It’s like a jigsaw: does this piece go there? Or are we forcing it in, to hurry up and get the picture done? ‘Putting’ a person (name disguised) into a novel, means fitting them into the plot. Each character has a shape contributing to the whole. No good trying to force Aunt Jane, with her lugubrious hats, her high-Tory opinions, her little Westie terrier, into your romance set in Cairo… though maybe your best friend, the academic historian with the banker husband, might fit your international crime story … but would your Australian cousin suit that cosy mystery set in Elsfield, Oxfordshire, in 1946? Like all misplaced jigsaw pieces, your real person who had that funny incident in the cafe will protest, by bulging, wobbling, becoming stuck at an awkward angle. Nothing else will go right until you take it out again…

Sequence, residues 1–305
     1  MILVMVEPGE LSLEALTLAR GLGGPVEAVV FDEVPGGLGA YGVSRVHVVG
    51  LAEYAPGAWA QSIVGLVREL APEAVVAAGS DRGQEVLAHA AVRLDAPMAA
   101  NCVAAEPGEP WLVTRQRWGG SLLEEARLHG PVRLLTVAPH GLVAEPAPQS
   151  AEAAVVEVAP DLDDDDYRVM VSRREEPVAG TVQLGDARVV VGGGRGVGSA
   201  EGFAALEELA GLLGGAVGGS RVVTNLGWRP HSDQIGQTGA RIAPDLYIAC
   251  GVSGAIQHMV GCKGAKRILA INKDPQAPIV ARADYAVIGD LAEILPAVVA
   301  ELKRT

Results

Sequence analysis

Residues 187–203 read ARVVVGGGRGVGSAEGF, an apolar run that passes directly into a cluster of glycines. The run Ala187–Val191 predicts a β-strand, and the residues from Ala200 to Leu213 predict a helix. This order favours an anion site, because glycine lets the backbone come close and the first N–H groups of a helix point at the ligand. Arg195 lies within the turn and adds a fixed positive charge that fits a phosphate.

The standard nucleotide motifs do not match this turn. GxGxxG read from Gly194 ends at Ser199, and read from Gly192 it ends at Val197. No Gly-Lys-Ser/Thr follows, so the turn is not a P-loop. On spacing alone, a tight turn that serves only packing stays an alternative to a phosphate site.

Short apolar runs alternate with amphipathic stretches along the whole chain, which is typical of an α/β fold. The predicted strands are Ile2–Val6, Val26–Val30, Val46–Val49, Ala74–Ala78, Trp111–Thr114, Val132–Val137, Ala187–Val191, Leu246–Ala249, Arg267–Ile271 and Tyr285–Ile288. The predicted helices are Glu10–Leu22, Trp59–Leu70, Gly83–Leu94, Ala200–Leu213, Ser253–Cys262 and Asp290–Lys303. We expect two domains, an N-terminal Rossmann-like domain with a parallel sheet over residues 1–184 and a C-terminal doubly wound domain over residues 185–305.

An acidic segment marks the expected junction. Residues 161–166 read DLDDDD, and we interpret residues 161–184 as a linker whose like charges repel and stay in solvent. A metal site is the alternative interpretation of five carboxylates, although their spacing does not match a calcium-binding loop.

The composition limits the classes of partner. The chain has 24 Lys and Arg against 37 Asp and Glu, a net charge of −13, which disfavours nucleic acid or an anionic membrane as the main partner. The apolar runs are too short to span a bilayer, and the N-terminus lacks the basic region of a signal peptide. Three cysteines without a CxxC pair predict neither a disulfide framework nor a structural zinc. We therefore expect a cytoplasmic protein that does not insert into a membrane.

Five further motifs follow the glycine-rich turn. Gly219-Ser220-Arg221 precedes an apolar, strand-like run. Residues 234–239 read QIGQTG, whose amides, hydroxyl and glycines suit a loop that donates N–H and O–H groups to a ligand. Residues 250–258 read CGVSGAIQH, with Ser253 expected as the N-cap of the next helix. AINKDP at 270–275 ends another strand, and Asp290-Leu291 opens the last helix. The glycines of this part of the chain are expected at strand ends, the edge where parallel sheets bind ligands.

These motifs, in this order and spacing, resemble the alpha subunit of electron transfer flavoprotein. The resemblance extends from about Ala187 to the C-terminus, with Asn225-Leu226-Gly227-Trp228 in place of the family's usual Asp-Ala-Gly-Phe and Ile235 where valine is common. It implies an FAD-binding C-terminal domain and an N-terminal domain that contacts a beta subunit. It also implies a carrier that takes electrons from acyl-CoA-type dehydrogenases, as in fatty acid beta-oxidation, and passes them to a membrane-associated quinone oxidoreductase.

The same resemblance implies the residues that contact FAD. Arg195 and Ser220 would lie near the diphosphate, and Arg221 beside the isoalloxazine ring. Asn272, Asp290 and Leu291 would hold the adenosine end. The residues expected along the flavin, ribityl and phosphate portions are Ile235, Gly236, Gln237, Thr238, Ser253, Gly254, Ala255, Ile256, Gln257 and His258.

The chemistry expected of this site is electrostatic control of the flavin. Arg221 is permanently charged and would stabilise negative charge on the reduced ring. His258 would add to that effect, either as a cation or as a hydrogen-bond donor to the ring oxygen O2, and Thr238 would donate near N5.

Making a cake
Do you like to eat cake? If you’re putting me in your novel, (please don’t), you need to know that I enjoy baking, and eating, cake.
The creative process is like baking: the ingredients, the raw materials, are the real people we know and meet, the strangers on buses and trains, the acquaintances from the exercise class … then all this needs processing in our brains, maybe over years, decades. After mixing, the raw cake is subjected to terrific heat inside the oven. By the time it is cooked and ready to eat, who can tell which bit is flour, sugar, fat, egg … baking powder, a teaspoon of vanilla, a sprinkle of cinnamon? Or where those characters, busy interacting and unfolding their story, began?
Every novel is a mystery